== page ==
The new PG&H featuring local makers just opened Downtown. Photo by TH Carlisle for NEXTpittsburgh.

The days of the massive department store are long gone. Long live the pop-up shop.

On Oct. 17, a new experimental store specializing in artisanal furniture and homeware will open in Downtown Pittsburgh. The store is PG&H, and it’s the latest push to bring retail back to downtown Pittsburgh.

The plan is to run the store for one year and feature a rotating gallery of local and regional designers. The inaugural class of makers includes Coded Clay ceramics, Blak Rust handmade textiles and a range of wallpapers designed by local artist Ashley Cecil.

“PG&H will also be an experiential site, hosting demonstrations and how-to sessions, workshops for makers and opportunities for makers to meet with clients to undertake custom work commissions,” the Pittsburgh Downtown Partnership announced.

Along with home goods and furniture, the space will include a coffee bar featuring the local brand Redhawk Coffee. Visitors can also expect hands-on sessions and Q&As with local designers and artists. These events and the in-house coffee service are meant to give the space a more social vibe than the typical furniture store.

But the real goal goes further: “Building and scaling people’s businesses to create more jobs, that’s the core of this project,” says Mike McAllister, project/construction manager of PG&H and co-founder of Epic Development.

As McAllister explained to NEXTpittsburgh, several years ago he noticed a distinct gap in Pittsburgh’s furniture sector. There were plenty of high-end outlets, and IKEA was only a short drive away. But “there was no middle ground,” he says, “and there certainly wasn’t a space for local products.”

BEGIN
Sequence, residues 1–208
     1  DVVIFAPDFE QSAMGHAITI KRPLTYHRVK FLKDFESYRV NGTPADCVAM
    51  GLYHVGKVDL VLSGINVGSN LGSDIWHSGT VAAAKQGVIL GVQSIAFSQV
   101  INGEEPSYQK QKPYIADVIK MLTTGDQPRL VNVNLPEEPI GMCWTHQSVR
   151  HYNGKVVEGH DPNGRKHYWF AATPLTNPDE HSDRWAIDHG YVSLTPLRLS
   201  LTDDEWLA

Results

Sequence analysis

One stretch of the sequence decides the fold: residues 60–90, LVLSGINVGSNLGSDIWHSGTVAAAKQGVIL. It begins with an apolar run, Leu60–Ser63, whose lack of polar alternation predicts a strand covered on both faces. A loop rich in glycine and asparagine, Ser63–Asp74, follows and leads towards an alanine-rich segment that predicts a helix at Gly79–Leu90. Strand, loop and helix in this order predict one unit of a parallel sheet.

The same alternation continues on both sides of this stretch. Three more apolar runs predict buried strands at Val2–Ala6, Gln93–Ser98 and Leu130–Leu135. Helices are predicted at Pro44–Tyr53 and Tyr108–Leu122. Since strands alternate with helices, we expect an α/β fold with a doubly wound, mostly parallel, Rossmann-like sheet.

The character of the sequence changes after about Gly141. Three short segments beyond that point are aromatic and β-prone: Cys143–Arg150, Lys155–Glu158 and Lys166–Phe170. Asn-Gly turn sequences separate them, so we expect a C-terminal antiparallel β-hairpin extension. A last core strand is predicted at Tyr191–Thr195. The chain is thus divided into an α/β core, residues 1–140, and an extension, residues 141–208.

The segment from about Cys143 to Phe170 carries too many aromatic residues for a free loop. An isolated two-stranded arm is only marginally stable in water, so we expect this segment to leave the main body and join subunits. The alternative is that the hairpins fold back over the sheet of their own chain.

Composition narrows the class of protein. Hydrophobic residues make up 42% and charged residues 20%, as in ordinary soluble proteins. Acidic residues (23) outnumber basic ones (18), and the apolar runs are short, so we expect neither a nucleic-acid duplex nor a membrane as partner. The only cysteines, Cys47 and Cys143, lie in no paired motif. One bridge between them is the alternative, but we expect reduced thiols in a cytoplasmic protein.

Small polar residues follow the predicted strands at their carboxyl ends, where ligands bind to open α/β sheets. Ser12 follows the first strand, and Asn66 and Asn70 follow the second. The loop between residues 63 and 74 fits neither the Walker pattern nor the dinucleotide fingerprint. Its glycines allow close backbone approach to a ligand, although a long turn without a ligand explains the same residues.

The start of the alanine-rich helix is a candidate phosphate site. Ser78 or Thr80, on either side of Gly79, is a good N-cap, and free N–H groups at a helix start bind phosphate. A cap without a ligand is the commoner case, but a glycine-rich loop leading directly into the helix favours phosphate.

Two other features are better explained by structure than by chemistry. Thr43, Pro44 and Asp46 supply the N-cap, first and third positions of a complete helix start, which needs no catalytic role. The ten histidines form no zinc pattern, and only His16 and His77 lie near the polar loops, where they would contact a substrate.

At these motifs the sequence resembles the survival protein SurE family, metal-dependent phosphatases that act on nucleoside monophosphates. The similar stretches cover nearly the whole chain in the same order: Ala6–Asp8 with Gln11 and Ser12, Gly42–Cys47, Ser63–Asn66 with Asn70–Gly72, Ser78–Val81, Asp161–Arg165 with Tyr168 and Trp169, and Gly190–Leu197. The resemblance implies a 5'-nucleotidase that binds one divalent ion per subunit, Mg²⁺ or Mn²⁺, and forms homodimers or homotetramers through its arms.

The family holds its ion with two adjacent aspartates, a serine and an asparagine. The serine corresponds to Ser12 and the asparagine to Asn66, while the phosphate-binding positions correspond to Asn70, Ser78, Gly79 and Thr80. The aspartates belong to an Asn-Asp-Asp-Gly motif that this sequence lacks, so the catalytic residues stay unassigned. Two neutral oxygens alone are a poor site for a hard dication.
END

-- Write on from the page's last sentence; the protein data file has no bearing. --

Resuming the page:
This new space, which McAllister says is being built “for maximum functionality and flexibility,” is one step toward solving that problem.

The project is a partnership between the Pittsburgh Downtown Partnership, Bridgeway Capital and the Richard King Mellon Foundation, and is aimed at jumpstarting the retail economy of Downtown Pittsburgh, which has lost many of its iconic, mid-century department stores in the last several decades.

“We are continuing to see local makers having great success with Downtown locations,” says Jeremy Waldrup, president and CEO of the Pittsburgh Downtown Partnership. “We are really looking forward to bringing this unique retail venue to Downtown and expect it to be a destination that Pittsburghers, as well as our many visitors, will be eager to check out.”

PG&H will be managed day-to-day by Monica Yope and Kelly Sanders, owners of the artisanal craft shop love, Pittsburgh. It’s located at 536 Smithfield Street and will be open Wednesday through Monday, 11 am to 7 pm.

Bill O'Toole

Bill O'Toole was a full-time reporter for NEXTpittsburgh until October, 2019. He previously reported in Myanmar.